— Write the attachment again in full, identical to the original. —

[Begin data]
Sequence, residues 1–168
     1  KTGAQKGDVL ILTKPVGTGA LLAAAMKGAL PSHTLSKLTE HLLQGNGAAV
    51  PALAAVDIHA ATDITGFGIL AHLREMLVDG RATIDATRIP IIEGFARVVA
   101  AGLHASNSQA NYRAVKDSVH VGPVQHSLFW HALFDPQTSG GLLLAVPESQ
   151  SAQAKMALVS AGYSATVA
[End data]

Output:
Sequence, residues 1–168
     1  KTGAQKGDVL ILTKPVGTGA LLAAAMKGAL PSHTLSKLTE HLLQGNGAAV
    51  PALAAVDIHA ATDITGFGIL AHLREMLVDG RATIDATRIP IIEGFARVVA
   101  AGLHASNSQA NYRAVKDSVH VGPVQHSLFW HALFDPQTSG GLLLAVPESQ
   151  SAQAKMALVS AGYSATVA